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Egg Nutrition

In recent years there have been many studies done on the egg--nutrition experts decried it for its cholesterol content and advised that eggs not be included in a healthy diet except in very small amounts. Now, these health experts are rethinking the nutritional value of eggs and acknowledging that eggs have a lot more valuable nutrients than they originally thought.  In fact, there is almost a complete reversal on the value of egg nutrition. There is, in fact, no evidence that eating eggs every day has any negative impact on cholesterol or your risk of heart disease.

Eggs have so many nutrients that they have a positive effect on your health. That doesn’t mean you should go crazy and start eating them a dozen at a time, but it does mean that including one or two eggs a day in your diet can have many benefits. Eggs have the maximum level of high quality protein available plus they have just about every vitamin  and mineral essential to human health. They are full of various B vitamins plus vitamins A and D. Egg yolks have large amounts of vitamin B12, riboflavin, and choline, which helps in the brain development of fetuses and may have benefits in preventing memory decline as we age.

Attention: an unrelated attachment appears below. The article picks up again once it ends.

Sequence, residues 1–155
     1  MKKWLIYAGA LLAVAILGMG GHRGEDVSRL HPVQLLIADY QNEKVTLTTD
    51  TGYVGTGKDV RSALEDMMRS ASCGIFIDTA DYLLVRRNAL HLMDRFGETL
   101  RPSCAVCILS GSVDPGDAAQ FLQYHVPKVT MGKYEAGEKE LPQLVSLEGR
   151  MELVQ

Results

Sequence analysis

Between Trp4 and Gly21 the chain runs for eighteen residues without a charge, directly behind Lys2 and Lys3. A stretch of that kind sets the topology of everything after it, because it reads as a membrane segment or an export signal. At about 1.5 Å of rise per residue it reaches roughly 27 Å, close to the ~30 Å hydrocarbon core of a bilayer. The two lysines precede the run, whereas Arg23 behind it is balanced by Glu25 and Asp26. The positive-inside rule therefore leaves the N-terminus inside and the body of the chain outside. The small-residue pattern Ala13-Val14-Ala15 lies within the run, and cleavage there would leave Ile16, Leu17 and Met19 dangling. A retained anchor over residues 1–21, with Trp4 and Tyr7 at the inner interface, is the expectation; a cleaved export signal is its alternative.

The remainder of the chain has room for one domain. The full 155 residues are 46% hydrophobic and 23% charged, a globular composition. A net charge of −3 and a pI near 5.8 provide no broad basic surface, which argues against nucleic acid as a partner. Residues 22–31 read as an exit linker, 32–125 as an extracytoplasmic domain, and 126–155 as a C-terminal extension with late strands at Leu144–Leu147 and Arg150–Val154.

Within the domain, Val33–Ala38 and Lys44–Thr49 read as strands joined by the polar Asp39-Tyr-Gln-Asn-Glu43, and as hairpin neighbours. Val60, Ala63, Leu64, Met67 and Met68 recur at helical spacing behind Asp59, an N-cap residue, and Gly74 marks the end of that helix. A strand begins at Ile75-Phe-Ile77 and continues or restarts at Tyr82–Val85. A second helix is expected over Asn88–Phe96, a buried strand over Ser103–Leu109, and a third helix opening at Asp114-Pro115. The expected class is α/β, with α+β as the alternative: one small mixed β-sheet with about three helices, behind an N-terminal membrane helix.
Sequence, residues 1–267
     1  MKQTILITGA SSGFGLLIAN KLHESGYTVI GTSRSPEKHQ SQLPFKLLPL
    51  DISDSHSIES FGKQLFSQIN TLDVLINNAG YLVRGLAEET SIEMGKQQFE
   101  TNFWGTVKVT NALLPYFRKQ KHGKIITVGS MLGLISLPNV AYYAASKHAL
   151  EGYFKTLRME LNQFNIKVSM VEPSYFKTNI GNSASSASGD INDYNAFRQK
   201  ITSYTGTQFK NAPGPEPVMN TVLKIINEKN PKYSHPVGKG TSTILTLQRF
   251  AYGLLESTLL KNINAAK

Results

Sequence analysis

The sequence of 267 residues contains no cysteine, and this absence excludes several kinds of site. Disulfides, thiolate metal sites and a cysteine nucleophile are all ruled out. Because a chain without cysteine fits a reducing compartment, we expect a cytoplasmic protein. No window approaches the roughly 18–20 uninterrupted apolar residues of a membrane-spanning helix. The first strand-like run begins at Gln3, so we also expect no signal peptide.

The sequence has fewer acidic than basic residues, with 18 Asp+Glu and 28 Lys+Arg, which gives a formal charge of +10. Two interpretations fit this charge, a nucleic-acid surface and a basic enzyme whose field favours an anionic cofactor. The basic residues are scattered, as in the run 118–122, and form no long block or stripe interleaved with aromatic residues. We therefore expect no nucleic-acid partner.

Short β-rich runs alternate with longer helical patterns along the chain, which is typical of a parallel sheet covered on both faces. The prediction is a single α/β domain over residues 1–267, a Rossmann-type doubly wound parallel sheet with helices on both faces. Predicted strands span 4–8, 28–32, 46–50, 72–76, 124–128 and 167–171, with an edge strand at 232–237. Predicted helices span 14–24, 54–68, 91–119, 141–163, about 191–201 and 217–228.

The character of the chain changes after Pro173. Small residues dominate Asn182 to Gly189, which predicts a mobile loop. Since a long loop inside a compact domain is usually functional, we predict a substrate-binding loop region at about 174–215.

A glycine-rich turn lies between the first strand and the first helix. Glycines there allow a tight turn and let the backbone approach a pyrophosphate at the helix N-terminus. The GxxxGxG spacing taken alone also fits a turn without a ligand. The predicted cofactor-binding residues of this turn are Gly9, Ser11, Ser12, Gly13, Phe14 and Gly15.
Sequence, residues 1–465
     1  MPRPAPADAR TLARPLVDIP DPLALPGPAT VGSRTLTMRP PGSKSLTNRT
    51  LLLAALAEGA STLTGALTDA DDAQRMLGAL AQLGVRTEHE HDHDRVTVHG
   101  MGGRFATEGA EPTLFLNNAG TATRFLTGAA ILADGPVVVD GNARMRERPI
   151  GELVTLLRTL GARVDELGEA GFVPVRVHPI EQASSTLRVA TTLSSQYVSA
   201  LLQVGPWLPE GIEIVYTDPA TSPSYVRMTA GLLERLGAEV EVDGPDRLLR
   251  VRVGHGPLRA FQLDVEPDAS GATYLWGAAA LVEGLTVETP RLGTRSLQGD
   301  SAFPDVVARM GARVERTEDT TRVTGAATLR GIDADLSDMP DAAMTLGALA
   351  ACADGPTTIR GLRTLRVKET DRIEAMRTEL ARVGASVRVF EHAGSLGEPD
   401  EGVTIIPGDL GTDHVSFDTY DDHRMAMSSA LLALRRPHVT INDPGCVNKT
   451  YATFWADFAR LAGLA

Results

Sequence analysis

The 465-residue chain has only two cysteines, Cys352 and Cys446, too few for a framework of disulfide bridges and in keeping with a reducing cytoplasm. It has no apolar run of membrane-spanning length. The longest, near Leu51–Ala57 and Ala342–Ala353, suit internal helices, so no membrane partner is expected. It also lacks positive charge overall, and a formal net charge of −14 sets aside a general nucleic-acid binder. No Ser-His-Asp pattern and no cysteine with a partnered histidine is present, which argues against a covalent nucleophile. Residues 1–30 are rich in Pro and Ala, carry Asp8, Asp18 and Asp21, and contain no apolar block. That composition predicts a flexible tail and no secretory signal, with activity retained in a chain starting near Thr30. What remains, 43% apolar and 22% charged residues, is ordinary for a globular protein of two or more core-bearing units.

Eggs contain lutein and zeaxanthin, which are in the carotenoid family (same as beta-carotene). These two substances help eyes stay healthy and are being studied for their benefits in preventing macular degeneration. Lutein is also available in some vegetables but the form it takes in eggs is better able to be used by the human body. Sometimes eggs also contain omega-3 fats, which are known as the “good fats,” though it is dependent on what diet chickens are fed as to whether their eggs contain these fats or not. The term “pastured eggs” is used to describe these kinds of eggs.

Eggs are the best source of high quality protein available with 6 grams in every egg. This protein is found not only in the egg whites but in the yolk as well. Proteins are known as the building blocks of muscle plus they contain the amino acids essential to keep our organs operating efficiently and at an optimum level. An egg has 5 grams of fat--1.5 grams saturated and 2 grams monounsaturated, and one half of one gram of carbohydrate. Eggs have no trans fats. Contrary to popular belief, eggs can be an integral ingredient in a low-saturated fat diet. You can keep the fat down even more by preparing your pan with cooking spray, olive or canola oil, and combining eggs with meals high in vegetables, fruits and complex carbohydrates.

One egg contains 72 calories with folate, iron and zinc in addition to the protein, choline and other vitamins already mentioned. With 212 mg cholesterol, an egg falls into the range of cholesterol recommended by the Dietary Guidelines of the American Heart Association for 300 mg or less of cholesterol a day. Not only that, it has been found that eggs do not contribute to artery hardening or heart disease--instead, eggs increase our lipid levels or “good cholesterol.”

According to the USDA Nutrient Content of Food Report, eggs provide a much greater percentage of nutrients to the diet than they do calories. Eggs have only 1.3% of our calorie intake, but they provide 6% riboflavin, 5% folate, 4% vitamins E, A, and protein. This means eggs can be called nutrient-dense and that egg nutrition should be a essential component of a healthy diet.


 

 


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